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  • 1.
    Carleklev, Stephanie
    Linnaeus University, Faculty of Arts and Humanities, Department of Design.
    Impossible care2017In: Does Design Care...?: An International Workshop of Design Thought and Action, University of Lancaster, 2017, p. 99-103Conference paper (Refereed)
  • 2. Carleklev, Stephanie
    Stringling2011In: Ambience'11 exhibition: where art, technology and design meet / [ed] Annika Hellström, Hanna Landin och Linda Worbin, Borås: The Swedish School of Textiles, University of Borås , 2011, p. 26-27Conference paper (Other (popular science, discussion, etc.))
  • 3.
    Carleklev, Stephanie
    Linnaeus University, Faculty of Arts and Humanities, Department of Design.
    The Future Is Present: Designing Time for Sustainable Change2017In: 11th International Conference on Design Principles & Practices: Design for the Global Village, Champaign, IL: Common Ground Research Networks , 2017Conference paper (Other academic)
    Abstract [en]

    In matters of teaching design for sustainable change, we are still in a situation that requires us to break new ground. New sets of tools, methods, and criteria are needed. One important criterion is the aspect of temporality. Not thinking about design's long-term effects, pushing acceleration, and neglecting the future have been a major cause of our unsustainable present. Still time is not commonly addressed in design education. To work with time offers several exciting possibilities. One is to extend the focus onto the entire life cycle of an artefact, exploring technical solutions and systems; another is to address aspects of planning for an unpredictable future. The third, which is at the core of my research, is to focus on design as a process rather than an object, and to design time itself. Design is what it makes possible, what it allows for, not what shape or finish it has. My research, which taken place through work with students and staff at the Department of Design, hopes to inspire new ways of working with sustainability within design educations.

  • 4.
    Carleklev, Stephanie
    et al.
    Linnaeus University, Faculty of Arts and Humanities, Department of Design.
    Sterte, Marie
    Linnaeus University, Faculty of Arts and Humanities, Department of Design.
    Pedagogy for teaching design – with an emphasis on sustainable design2013In: Design learning for tomorrow: design education from kindergarten to PhD, 2013, p. 1451-1465Conference paper (Refereed)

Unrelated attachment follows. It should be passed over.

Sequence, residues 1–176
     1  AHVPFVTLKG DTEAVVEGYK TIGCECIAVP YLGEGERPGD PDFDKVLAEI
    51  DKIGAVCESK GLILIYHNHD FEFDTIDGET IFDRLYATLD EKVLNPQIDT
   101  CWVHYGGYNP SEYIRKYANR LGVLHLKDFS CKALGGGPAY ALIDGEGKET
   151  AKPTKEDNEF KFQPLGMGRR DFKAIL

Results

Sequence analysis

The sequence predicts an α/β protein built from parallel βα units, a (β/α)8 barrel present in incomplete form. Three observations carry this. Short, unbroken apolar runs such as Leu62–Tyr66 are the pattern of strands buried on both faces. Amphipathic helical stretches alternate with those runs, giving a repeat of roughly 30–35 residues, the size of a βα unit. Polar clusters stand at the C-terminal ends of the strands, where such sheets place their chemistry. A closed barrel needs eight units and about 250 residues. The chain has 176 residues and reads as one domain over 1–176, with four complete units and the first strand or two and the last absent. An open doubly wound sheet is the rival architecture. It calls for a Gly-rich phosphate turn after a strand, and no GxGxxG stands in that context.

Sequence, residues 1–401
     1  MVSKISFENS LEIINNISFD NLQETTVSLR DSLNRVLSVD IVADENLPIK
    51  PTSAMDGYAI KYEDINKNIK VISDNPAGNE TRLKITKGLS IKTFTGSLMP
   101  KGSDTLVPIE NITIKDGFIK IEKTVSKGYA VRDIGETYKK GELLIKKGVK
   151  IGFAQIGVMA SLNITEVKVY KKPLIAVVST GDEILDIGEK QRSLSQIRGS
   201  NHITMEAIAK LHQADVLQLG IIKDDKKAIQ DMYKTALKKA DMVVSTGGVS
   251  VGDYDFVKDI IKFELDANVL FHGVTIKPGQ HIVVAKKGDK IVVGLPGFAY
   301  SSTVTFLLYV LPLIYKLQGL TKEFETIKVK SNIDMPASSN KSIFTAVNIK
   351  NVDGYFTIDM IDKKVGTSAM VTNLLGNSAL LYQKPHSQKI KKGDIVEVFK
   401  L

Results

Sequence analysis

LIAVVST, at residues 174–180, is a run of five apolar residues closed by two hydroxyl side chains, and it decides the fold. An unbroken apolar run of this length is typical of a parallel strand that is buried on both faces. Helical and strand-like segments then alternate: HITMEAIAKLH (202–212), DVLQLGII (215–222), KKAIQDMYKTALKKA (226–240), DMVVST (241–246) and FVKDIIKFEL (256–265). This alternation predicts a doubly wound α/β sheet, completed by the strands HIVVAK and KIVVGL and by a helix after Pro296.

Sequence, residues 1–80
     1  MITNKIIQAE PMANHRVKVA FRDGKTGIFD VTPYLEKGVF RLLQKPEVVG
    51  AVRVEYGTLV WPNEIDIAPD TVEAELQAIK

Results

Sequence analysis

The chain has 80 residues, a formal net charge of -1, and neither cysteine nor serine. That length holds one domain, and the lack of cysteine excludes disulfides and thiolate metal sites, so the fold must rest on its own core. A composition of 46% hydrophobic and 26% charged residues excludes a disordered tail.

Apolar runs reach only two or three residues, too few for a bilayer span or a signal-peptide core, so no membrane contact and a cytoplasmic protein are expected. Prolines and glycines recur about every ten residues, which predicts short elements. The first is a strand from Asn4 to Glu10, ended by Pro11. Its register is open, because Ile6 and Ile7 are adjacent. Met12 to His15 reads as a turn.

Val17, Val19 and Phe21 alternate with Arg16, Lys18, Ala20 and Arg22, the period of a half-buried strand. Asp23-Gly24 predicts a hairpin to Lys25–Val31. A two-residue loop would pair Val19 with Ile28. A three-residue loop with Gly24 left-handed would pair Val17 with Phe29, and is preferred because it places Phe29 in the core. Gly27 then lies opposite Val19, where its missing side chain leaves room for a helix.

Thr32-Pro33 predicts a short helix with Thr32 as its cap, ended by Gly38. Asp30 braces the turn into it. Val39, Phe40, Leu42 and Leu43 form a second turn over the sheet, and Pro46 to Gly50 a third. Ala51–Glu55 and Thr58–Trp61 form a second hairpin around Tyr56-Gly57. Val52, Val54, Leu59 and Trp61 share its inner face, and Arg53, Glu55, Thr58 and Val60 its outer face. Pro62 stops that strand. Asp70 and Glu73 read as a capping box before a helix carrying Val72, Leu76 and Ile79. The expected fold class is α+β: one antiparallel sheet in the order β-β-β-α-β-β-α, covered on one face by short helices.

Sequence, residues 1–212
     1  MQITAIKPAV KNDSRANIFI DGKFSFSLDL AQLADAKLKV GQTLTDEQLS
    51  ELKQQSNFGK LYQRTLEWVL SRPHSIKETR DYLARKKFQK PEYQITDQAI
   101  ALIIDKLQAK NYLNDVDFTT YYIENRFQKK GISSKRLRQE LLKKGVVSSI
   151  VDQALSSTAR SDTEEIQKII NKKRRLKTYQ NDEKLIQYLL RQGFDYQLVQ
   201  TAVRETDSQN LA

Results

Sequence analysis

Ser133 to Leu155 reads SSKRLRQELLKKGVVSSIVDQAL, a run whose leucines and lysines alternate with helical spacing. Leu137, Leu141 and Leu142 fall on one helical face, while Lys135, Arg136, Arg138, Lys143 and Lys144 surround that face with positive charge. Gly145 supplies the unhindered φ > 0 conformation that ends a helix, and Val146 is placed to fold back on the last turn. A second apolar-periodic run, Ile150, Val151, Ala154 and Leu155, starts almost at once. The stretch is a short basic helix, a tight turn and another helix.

Abstract [en]

    Teaching sustainability is not solely a question of providing relevant information; it is foremost about training students to meet the challenges of tomorrow. In design this can mean to shift the focus from material, form and function towards systems, correlation and time – a process supported both by how we teach as well as what we teach. But pedagogy still seems to be treated like a poor cousin to the more important design knowledge. This  made us curious about the correlation between pedagogy and teaching design for sustainable change.

    By applying a study of Eilam and Trop (2011) onto the curriculum of an undergraduate design programme and through interviews with students we investigated the underlying pedagogy. Eilam and Trop had identified four pedagogical components that supported a holistic learning experience in their study.

    It proves more fruitful to incorporate sustainability wholeheartedly in a programme, instead of teaching it as a separate course. Pedagogies like emotional learning in realistic design projects and multidimensional learning in theoretical courses support an education for sustainable change and prepare students to meet the challenges of tomorrow without missing their professional  development.

  • 5.
    Fountain, Wendy
    et al.
    Linnaeus University, Faculty of Arts and Humanities, Department of Design.
    Carleklev, Stephanie
    Linnaeus University, Faculty of Arts and Humanities, Department of Design.
    Hruza, Stephan
    Linnaeus University, Faculty of Arts and Humanities, Department of Design.